Fortunately, this change in plans was made possible by Ryanair - I will slip out of this land of waffles, chocolate, mussels, and textiles by early tomorrow morning, and ten minutes before I leave (yes, you read that correctly - due to gaining an hour in transit because of the time change back to GMT), I will be landing at Stansted airport, catching a train back to Norwich, and riding my bicycle straight to school where I will hopefully arrive just in time for an intimate meeting with the head of BBC Radio. So long as there are no airline delays, train delays, and presuming that my bicycle is still in one piece (it's been locked up at the Norwich station) these plans should be smooth as a coconut flavored smoothie.

Friday, October 12, 2007

Zing!!!!

I can't help but relive my glory days as a Food & Drink Editor - It's eternally in my spirit - and now, using the name Stevie Morse on my by-line, I will be editing the new and improved Food & Drink section for the UEA Concrete!

My course only meets on Fridays, so I am now primed for some fantastic Euro-Adventures - the first one which I will embark upon tomorrow! I am headed to Nantes, France tomorrow, and I shall return on Tuesday evening! Finally, I should be able to get my hands on some decent food at reasonable prices.

Yesterday, I helped improve Sam Walton's net worth by about $100 by going on a massive ASDA shopping spree. It was glorious!

My little bicycle is still chugging along quite nicely (don't want to jinx it). I've heard of some bicycle thives snooping around the Uni, and I pray that mine won't be next! According to Football Coach Doust - nobody would ever want to steal my bike - some may call it crap, i classify it as vintage! Speaking of football, I finally got my equipment yesterday - one word: GRRRRRRRR!

I was in the mood to have my head shaved, so my bad-ass roommate Bradley whipped out the clippers, and now I have my head shaved on a 0 (earlier this summer it was a 1, so this is just about as bald as I can be).

Time to pack and check up on airline regulations for the UK - hopefully I can get some full-sized toothpaste in my carry-on!

Tuesday, October 9, 2007

Settled, getting into gear.

Updates Updates Updates

1. So during the past 6 months, I could not decide whether to pursue the Creative Entrepreneurship or Creative Writing: Scriptwriting course at UEA. I wanted to enroll simultaneously in both courses, with the hopes of earning two Master's degrees this year, but I found out late last week that this was impossible. Because I feel that I should further develop my writing skills before I pimp myself out as a maverick entrepreneur, I recently elected to take the Scriptwriting course. I'm excited for this course, as I hope to pursue no less than four or five new projects this year. (Ideally, I'd like to create a sitcom, a musical, and hopefully a couple of new screenplays.) In only the first day of class, I learned many new strategies for writing that never crossed my mind in my previous ventures.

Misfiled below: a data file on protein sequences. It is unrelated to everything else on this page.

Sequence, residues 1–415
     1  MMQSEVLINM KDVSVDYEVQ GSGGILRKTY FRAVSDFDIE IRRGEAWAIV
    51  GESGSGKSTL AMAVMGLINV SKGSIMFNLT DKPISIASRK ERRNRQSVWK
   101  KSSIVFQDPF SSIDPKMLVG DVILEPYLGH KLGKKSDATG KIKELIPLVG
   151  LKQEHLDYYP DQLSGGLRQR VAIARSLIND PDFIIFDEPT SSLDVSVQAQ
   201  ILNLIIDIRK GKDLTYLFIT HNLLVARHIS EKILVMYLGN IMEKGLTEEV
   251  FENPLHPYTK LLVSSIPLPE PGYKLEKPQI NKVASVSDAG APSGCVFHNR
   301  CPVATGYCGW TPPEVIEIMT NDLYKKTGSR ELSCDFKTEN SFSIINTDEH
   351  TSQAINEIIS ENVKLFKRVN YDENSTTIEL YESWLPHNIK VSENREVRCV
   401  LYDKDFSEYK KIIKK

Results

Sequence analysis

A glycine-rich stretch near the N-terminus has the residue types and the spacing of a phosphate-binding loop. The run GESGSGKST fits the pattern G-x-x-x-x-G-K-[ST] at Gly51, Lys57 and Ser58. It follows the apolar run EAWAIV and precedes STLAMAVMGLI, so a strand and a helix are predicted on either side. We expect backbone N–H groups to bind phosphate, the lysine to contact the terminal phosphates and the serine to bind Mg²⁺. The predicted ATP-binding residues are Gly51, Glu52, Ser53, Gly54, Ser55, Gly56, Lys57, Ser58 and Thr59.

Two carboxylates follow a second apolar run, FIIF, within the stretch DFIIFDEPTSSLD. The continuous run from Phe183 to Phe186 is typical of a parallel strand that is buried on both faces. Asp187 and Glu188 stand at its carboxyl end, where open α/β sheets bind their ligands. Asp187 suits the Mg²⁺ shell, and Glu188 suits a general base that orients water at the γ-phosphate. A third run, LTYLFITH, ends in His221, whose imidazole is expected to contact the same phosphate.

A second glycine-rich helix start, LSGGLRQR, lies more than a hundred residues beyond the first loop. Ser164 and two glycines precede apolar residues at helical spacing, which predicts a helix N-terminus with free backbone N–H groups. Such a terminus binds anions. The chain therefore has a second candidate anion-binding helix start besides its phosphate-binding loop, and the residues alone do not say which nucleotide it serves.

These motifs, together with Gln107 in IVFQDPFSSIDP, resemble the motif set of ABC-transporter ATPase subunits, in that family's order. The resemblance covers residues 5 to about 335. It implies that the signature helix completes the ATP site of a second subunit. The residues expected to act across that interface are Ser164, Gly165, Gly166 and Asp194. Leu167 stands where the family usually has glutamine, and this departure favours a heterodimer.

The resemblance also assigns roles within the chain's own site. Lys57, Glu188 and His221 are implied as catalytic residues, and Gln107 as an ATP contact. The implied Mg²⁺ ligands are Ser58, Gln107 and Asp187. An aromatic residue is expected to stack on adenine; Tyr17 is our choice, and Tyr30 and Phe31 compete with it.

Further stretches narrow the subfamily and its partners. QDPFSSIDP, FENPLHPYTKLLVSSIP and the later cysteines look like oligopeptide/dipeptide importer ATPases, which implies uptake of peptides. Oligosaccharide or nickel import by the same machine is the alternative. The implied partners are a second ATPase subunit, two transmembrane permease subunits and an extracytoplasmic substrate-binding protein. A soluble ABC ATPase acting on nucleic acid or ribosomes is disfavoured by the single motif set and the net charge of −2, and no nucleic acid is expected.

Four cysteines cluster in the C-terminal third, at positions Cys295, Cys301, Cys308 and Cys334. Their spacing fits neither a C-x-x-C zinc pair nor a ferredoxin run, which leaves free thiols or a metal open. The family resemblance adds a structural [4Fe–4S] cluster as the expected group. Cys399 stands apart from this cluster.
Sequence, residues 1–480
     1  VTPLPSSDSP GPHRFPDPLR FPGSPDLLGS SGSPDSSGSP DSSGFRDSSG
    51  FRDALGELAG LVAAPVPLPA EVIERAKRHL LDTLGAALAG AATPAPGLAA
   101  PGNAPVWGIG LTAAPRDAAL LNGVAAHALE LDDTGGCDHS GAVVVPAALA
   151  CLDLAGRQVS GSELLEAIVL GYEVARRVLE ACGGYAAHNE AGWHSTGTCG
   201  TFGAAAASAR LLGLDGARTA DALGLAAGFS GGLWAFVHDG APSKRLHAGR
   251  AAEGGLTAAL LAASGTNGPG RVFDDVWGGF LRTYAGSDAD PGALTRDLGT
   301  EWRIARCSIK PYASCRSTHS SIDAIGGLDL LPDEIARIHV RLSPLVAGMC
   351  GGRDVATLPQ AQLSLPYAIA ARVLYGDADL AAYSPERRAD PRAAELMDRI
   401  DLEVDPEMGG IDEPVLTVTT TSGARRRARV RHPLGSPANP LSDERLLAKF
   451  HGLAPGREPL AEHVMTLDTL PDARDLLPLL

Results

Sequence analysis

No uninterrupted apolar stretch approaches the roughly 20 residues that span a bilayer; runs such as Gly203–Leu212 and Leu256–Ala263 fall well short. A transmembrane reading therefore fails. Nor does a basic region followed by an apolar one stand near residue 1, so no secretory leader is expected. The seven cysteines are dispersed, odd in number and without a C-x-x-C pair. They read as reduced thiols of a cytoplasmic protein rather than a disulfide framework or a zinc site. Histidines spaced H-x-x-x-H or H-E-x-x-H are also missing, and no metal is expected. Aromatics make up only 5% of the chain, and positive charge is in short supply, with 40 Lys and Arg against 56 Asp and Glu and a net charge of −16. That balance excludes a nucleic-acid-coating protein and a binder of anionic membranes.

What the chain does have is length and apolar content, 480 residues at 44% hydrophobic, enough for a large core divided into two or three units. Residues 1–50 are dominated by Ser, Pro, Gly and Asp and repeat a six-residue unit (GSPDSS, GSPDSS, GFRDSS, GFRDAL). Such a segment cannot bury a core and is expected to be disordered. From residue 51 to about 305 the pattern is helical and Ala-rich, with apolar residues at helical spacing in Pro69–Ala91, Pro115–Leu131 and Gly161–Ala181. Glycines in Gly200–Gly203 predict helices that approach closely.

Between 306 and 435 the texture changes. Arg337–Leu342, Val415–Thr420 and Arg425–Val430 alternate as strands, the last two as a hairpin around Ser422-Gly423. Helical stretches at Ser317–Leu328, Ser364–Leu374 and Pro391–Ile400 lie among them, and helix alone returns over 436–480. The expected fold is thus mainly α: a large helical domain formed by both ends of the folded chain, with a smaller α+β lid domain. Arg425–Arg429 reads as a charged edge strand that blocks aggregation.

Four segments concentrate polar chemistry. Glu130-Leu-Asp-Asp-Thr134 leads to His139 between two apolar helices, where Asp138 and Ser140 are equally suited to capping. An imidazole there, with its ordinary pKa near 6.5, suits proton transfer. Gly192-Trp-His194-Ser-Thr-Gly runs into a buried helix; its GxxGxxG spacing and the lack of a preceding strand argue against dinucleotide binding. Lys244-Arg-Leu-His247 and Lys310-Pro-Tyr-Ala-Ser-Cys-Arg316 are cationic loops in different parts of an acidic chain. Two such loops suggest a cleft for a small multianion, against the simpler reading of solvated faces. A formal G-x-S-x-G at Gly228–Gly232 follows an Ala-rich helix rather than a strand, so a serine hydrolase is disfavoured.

2. Tonight is the annual TOGA party at the LCR. Given that I only own one bed-sheet, and I fear that it may get drenched in a grimy mix of ale, Vodka, and the occasional Pims, so I proposed last night that we pretend we misread the invitation and thought it was a YOGA party, so spandex, mats, and a penchant for the word Tadassanah will be in order.

3. I only have class on Friday now, so I shall either find a job, or pursue numerous travels.

4. The New York Times is far superior to any British newspaper, especially in regards the in-depth level of feature stories. But I have one caveat:Whereas from 2003-2006 I loved the Styles Section, nowadays it makes me want to puke. Anyone written about in Styles pretty much makes me want to puke, as I think all of these people are leading fake, meaningless lives. Disclaimer: Occasionally, the Modern Love column is good though, especially this one from a few weeks ago.

5. On Saturday, I will be heading on a 72 hour adventure to Nantes, France. If anyone reading this has been there, please contact me at sidneymorsels at gmail.com.

Saturday, October 6, 2007

Chavs and Dolls